While the federal government trundles along with the roll out of a national digital ID framework, Australian Payments Plus (AP+), the consortium fintech backed by BPAY, eftpos and NPP Australia, has developed its own solution to tackle verification, fraud and identity theft, ConnectID.
ConnectID lets people verify their identity to third parties without having to repeatedly share any unnecessary data – which is subsequently stolen in data hacks.
It’s now available to Commonwealth and NAB customers on a number of use cases, with the remaining big four banks, Westpac and ANZ, also engaging. ConnectID doesn’t see or store personal information, instead acting as a bridge between an organisation seeking to verify someone and another providing that verification – and only when the user authorises it.
That means businesses can offer a simple and secure verification process without the need to over collect and store personal customer information. A number of tech startups, including Referoo, Credenxia, ServiceSeeking, OnePassport, RentBetter, and Shaype have already embraced ConnectID.
AP+ CEO Lynn Kraus said they see ConnectID playing an important role in building trust in our digital economy.
“We’re partnering with proven guardians of identity documentation such as the major banks to deliver simple and safe identity verification,” she said.
“We’re keen to see ConnectID play a role in an Australian digital identity framework that brings together both the government and non-government sectors in a world-leading solution to help protect people’s data.’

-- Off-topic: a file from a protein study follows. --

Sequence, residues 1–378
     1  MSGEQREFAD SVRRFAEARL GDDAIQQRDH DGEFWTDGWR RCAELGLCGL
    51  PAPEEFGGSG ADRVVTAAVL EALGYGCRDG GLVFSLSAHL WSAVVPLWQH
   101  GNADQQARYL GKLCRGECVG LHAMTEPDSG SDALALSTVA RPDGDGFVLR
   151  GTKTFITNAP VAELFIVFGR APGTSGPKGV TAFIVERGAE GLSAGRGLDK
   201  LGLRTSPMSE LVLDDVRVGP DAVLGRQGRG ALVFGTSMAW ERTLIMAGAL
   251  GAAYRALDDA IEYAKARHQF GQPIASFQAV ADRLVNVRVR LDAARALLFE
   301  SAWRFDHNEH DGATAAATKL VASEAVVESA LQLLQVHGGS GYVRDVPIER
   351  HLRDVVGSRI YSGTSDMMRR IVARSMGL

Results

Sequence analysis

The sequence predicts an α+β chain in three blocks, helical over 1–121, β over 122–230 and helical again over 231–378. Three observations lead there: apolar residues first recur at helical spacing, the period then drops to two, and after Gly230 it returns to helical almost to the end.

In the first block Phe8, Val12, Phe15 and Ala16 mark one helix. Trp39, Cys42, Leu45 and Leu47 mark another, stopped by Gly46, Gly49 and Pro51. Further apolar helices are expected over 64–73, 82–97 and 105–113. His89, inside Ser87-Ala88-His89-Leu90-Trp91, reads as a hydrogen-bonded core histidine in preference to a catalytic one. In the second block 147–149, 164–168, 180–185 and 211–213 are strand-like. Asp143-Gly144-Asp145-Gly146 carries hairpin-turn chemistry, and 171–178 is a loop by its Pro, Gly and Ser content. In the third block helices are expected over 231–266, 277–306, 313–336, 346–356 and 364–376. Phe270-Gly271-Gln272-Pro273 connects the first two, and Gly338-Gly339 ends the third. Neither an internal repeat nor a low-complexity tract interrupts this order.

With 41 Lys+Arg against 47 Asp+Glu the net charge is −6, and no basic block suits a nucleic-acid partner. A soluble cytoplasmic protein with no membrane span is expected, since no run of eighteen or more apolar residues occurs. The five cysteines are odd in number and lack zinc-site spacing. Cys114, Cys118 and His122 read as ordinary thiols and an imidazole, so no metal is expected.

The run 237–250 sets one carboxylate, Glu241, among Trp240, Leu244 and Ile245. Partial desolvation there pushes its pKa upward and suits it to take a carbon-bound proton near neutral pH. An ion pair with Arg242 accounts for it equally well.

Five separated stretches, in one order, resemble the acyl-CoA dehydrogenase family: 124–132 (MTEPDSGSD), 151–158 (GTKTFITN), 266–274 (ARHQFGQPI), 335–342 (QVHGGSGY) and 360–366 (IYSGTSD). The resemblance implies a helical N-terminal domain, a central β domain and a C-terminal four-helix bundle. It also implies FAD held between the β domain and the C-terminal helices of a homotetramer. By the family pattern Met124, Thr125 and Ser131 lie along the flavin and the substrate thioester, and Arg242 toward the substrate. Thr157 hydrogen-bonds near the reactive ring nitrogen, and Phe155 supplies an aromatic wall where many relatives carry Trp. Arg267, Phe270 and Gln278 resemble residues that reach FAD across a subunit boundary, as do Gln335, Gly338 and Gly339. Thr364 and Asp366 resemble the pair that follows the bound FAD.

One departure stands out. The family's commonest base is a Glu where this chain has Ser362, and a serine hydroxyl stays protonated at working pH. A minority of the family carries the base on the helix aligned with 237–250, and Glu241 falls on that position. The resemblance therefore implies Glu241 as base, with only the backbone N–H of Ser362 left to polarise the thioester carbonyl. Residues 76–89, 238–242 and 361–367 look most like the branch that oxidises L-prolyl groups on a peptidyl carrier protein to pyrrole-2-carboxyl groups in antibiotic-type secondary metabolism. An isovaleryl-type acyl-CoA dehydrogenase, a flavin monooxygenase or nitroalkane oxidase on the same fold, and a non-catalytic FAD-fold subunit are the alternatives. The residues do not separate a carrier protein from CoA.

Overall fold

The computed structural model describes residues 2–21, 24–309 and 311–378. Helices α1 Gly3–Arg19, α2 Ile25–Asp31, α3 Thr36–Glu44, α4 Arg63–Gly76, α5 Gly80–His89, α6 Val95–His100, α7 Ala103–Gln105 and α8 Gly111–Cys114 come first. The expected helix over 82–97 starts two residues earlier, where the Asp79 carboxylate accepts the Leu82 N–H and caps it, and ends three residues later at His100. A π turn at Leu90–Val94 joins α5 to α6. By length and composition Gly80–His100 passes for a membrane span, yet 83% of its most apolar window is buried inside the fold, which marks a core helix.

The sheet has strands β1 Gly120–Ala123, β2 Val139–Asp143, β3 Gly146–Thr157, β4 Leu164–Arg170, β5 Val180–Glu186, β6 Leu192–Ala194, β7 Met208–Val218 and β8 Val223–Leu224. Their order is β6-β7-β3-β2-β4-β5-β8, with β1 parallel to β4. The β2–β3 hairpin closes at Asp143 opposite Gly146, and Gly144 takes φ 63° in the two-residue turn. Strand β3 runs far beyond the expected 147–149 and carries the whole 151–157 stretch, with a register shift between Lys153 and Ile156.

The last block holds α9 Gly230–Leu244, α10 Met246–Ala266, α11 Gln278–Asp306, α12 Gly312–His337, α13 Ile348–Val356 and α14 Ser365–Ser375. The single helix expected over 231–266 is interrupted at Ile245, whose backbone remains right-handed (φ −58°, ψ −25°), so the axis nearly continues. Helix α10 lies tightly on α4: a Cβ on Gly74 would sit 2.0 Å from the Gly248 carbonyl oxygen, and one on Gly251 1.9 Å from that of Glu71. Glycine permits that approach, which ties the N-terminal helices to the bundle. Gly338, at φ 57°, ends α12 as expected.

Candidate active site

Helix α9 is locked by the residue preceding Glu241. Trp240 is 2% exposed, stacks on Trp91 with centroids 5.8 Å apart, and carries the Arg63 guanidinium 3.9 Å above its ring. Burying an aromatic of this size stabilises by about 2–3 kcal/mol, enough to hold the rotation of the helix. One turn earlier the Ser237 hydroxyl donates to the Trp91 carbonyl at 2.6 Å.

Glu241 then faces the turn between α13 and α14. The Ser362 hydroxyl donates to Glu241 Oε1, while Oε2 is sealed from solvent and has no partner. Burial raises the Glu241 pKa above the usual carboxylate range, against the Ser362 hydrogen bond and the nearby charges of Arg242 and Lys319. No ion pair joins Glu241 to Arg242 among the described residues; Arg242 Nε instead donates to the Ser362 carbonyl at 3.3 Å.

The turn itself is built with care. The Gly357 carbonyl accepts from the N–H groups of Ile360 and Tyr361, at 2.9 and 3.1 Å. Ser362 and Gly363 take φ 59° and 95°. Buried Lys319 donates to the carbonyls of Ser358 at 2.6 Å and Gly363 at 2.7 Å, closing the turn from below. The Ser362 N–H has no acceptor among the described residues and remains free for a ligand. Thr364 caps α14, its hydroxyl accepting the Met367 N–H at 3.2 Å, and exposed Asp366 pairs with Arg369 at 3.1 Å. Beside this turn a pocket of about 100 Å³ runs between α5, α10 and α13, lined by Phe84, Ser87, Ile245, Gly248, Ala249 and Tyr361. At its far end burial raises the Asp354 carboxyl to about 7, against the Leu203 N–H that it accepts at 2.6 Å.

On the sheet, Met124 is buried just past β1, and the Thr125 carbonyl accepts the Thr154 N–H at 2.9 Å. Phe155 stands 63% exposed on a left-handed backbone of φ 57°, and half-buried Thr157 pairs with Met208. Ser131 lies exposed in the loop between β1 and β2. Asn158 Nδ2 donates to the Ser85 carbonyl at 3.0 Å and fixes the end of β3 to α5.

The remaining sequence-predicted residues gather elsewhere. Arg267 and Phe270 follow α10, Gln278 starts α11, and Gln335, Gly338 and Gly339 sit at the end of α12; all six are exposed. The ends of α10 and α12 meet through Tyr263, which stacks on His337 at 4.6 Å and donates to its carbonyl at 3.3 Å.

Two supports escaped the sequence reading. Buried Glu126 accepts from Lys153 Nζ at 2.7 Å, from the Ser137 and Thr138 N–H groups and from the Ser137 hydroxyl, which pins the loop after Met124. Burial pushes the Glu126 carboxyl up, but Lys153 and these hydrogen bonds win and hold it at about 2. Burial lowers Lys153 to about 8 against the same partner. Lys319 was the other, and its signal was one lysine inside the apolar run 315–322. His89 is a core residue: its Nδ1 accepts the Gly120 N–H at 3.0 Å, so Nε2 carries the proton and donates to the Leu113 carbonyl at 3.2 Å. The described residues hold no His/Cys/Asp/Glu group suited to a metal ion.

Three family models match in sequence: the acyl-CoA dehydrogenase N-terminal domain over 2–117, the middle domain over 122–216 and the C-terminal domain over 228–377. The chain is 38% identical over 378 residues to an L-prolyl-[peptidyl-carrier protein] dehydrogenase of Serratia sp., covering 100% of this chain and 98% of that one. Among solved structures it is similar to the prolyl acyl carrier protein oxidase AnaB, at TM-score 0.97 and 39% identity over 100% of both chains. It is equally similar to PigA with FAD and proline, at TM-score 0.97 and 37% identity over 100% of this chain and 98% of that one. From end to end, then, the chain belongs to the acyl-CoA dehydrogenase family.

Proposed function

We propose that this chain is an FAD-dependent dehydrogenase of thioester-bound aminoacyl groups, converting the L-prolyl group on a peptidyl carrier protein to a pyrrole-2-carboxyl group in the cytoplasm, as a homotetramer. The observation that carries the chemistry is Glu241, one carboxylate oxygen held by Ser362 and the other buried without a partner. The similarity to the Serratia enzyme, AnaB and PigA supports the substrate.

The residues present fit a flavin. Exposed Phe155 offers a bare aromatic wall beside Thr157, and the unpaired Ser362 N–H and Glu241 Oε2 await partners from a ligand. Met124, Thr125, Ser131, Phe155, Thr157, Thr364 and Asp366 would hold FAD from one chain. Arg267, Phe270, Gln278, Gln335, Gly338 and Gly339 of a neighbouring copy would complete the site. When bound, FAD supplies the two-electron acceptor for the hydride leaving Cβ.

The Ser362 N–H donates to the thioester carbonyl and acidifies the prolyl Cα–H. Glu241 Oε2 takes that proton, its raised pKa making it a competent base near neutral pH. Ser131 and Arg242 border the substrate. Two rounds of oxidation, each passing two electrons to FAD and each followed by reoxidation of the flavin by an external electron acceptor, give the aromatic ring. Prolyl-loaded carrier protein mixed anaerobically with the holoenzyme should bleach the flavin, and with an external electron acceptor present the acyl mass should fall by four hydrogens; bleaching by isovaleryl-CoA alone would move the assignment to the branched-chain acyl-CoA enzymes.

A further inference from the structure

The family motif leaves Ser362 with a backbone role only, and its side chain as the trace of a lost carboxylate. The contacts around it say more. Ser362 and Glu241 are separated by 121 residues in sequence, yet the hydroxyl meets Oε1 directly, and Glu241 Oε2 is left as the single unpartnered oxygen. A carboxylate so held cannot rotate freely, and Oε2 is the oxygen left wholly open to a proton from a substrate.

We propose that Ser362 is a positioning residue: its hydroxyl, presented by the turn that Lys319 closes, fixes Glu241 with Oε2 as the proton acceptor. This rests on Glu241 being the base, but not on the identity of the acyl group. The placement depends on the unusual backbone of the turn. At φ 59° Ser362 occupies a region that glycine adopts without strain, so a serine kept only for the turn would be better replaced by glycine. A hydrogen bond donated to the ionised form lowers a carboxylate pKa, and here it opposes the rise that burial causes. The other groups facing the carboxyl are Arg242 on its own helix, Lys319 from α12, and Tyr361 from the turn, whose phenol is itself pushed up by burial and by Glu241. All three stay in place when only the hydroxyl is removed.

ConnectID managing director, Andrew Black it protects both the business and the customer, preventing the data “honeypots” that attract hackers.
“This new service will help customers reduce oversharing their data, giving them greater control over what data is being shared and used and choice over which organisations they trust to store their personal information. And from a business perspective, the ability to collect only what is required means they’re able to comply with legislation and reduce their risk profile,” he said.
“What’s important to know is that ConnectID is not creating new honeypots of data, in fact, we never see or store customer data.”
NAB’s digital governance boss, Brad Carr, said ConnectID “will make life so much easier for Australians when they are going through a process of validating their identity online, and doing so in a safe way that protects their data and privacy”.
The introduction of ConnectID comes four months after the federal government released the National Strategy for Identity Resilience in June outlining how state and territory governments should make their digital ID systems more robust.
ConnectID launched two years ago as the first non-government operator of a digital identity exchange to be accredited under the Australian government’s Trusted Digital Identity Framework.